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Marine with Peruvian roots reunites with family after 15 years during New Horizons exercise

  • Published
  • By Capt. Candace N. Park
  • New Horizons Public Affairs
The honking of horns and whizzing by of cars only added to his anxiety as he waited on the street corner for a moment 15 years in the making.

"I think I know what they look like, but they could walk right up to me and I might not know it's them," said Lance Cpl. Guillermo Muguerza from the 4th Civil Affairs Group.

His phone rings. "They're only two blocks away now, coming by taxi," he said.

With the slowing of every cab near the street corner, the Marine's heart seems to skip a beat. Finally a taxi stops and a man and a woman race out of the door and clash into Muguerza in a long overdue embrace. Tears begin to flow from eyes that have instantly recognized one another.

Muguerza has just reunited with his father and aunt on a busy street in Lima after leaving his native country nearly 15 years ago.

"It was a miracle to hear from him," said his father, Oswaldo Muguerza. "I'm so happy."
Muguerza is part of the 4th Civil Affairs Group deployed to Peru for New Horizons 2012, a U.S. Southern Command-sponsored humanitarian assistance and training exercise.

When the deployed commander heard his story, he gave Muguerza permission to visit with his family on a day off so they could be reunited.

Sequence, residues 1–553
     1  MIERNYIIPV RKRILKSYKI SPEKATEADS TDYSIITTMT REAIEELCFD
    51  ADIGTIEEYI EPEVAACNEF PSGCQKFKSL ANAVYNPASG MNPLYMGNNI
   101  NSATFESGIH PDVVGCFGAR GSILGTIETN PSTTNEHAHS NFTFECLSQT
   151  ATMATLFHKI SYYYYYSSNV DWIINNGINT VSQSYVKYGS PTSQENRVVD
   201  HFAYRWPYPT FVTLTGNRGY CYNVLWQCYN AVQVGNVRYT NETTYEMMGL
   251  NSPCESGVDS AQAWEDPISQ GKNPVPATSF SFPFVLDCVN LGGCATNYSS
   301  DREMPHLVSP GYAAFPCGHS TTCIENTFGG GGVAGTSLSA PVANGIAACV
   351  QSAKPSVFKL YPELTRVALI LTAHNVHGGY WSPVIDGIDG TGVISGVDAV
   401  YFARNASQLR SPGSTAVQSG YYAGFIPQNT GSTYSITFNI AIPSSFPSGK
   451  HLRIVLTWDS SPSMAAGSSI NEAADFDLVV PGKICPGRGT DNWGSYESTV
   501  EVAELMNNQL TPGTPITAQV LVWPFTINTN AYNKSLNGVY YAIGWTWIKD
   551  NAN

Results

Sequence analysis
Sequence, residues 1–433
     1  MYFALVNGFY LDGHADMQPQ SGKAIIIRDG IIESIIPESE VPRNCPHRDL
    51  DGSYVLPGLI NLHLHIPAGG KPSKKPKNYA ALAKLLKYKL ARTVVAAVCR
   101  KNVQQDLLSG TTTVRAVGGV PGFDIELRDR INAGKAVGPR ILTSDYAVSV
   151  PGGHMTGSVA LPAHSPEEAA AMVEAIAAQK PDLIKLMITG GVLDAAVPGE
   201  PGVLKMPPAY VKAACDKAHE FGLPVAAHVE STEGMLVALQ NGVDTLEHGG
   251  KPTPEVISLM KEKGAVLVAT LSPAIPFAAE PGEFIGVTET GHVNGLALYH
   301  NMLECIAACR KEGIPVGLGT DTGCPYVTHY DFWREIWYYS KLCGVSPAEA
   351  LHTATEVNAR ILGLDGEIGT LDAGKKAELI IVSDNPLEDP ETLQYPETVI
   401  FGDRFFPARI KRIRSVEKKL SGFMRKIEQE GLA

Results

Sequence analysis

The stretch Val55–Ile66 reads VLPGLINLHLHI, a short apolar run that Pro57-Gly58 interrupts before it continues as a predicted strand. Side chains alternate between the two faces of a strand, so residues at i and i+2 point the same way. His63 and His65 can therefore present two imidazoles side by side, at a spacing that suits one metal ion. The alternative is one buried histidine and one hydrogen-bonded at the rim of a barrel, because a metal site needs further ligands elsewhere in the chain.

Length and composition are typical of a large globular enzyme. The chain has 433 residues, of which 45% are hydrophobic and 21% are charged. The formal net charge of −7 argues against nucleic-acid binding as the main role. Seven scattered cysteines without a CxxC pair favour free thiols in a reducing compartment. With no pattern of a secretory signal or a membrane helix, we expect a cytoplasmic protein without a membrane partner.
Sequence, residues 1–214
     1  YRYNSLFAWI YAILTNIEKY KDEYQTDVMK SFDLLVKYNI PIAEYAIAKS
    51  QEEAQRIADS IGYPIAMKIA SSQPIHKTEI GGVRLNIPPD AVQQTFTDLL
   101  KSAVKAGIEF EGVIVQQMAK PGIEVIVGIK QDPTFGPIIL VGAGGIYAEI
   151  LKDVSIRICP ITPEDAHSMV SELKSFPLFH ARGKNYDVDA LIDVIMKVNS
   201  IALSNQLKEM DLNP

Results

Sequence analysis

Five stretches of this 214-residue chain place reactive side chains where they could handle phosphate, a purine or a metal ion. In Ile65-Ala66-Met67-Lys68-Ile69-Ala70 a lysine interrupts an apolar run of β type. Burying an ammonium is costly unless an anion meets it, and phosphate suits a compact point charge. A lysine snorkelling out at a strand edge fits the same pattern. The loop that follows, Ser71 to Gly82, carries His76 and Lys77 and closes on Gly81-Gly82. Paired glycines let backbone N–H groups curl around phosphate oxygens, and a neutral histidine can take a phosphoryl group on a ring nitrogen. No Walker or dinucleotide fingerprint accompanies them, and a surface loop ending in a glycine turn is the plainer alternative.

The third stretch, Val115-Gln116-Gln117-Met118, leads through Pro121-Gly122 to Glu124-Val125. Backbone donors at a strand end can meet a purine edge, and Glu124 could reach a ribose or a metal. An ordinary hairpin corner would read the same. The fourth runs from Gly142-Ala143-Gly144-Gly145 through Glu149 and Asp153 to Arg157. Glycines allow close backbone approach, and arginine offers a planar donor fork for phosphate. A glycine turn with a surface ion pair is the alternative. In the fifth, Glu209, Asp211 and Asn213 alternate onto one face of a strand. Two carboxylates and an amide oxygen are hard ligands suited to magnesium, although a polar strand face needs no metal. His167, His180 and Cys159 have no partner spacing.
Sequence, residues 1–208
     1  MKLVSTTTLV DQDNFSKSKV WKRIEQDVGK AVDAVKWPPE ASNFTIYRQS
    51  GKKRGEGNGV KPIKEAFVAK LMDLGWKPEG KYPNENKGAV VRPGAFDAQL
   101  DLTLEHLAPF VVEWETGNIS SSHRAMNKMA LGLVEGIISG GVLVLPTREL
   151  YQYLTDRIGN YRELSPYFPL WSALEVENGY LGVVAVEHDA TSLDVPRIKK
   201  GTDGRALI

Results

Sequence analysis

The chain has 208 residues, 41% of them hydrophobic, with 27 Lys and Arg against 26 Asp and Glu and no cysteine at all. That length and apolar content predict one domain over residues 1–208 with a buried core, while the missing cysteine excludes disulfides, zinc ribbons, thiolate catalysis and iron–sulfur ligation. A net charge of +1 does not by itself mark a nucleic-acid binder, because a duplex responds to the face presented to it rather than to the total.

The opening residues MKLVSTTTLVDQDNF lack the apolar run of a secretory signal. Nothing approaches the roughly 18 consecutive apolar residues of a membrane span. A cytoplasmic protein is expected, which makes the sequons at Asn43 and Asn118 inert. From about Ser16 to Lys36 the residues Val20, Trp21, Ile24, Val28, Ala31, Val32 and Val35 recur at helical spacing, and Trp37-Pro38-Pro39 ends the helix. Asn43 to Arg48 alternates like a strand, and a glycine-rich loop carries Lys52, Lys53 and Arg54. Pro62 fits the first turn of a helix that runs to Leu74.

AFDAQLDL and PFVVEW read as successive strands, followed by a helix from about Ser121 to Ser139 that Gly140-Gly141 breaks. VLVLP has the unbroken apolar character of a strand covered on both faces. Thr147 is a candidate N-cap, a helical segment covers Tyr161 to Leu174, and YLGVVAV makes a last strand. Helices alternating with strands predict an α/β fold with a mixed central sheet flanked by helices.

"I called my dad last night and said, 'I'm in Peru and I'm coming to see you tomorrow!'" Muguerza said. "He couldn't believe it was me."

Military service is some sort of a Murgueza family tradition. All of the men in the family have served their country's military, in Peru or in the United States.

"I myself retired as a Peruvian Army first sergeant," Murgueza's father said, showing his retiree military ID."I am not surprised my son is in the military. It makes me proud that he is serving."

For Muguerza, this deployment has special meaning. He has the unique opportunity to serve both the U.S. and Peru.

The U.S. Southern Command-sponsored New Horizons 2012 exercise offers U.S. and Peruvian military medical personnel the opportunity to train and work together while providing free medical services and critical community infrastructure.

"This exercise is without a doubt a clear example of the level that relations between Peru and the United States have reached, " said Ambassador Mario Lopez, the Peruvian Ministry of Defense representative during ribbon-cutting ceremony celebrating the start of New Horizons medical activities June 19. "It is a tight relationship, marked by cooperation and the strategic link that unites us for the benefit of the population of Peruvian and the US."

In addition to providing medical readiness training exercises as part of New Horizons, two critical infrastructure projects are also underway.

Engineers from the 820th Expeditionary Red Horse Squadron are working alongside Peruvian military engineers to construct a new town community center in Tambo de Mora, a town greatly impacted by an earthquake in 2007. The town was liquefied be the resulting tsunami and thousands of people were displaced, said Jose Pepe Girao of the Chincha municipal government.

"This project is what people here have been praying for," Girao said. "It will improve the lives of many who have been suffering and it will bring them together."
The multi-use town center will include a library, clinic, auditorium, playground and a central park area.

The other New Horizons construction project under way is an addition of an emergency room facility to the clinic in Independencia.

"Man will pass, but his works will remain," said Alonso Navarro Cabanillas, the Ica regional president. "These great works will improve the daily lives of many for years to come."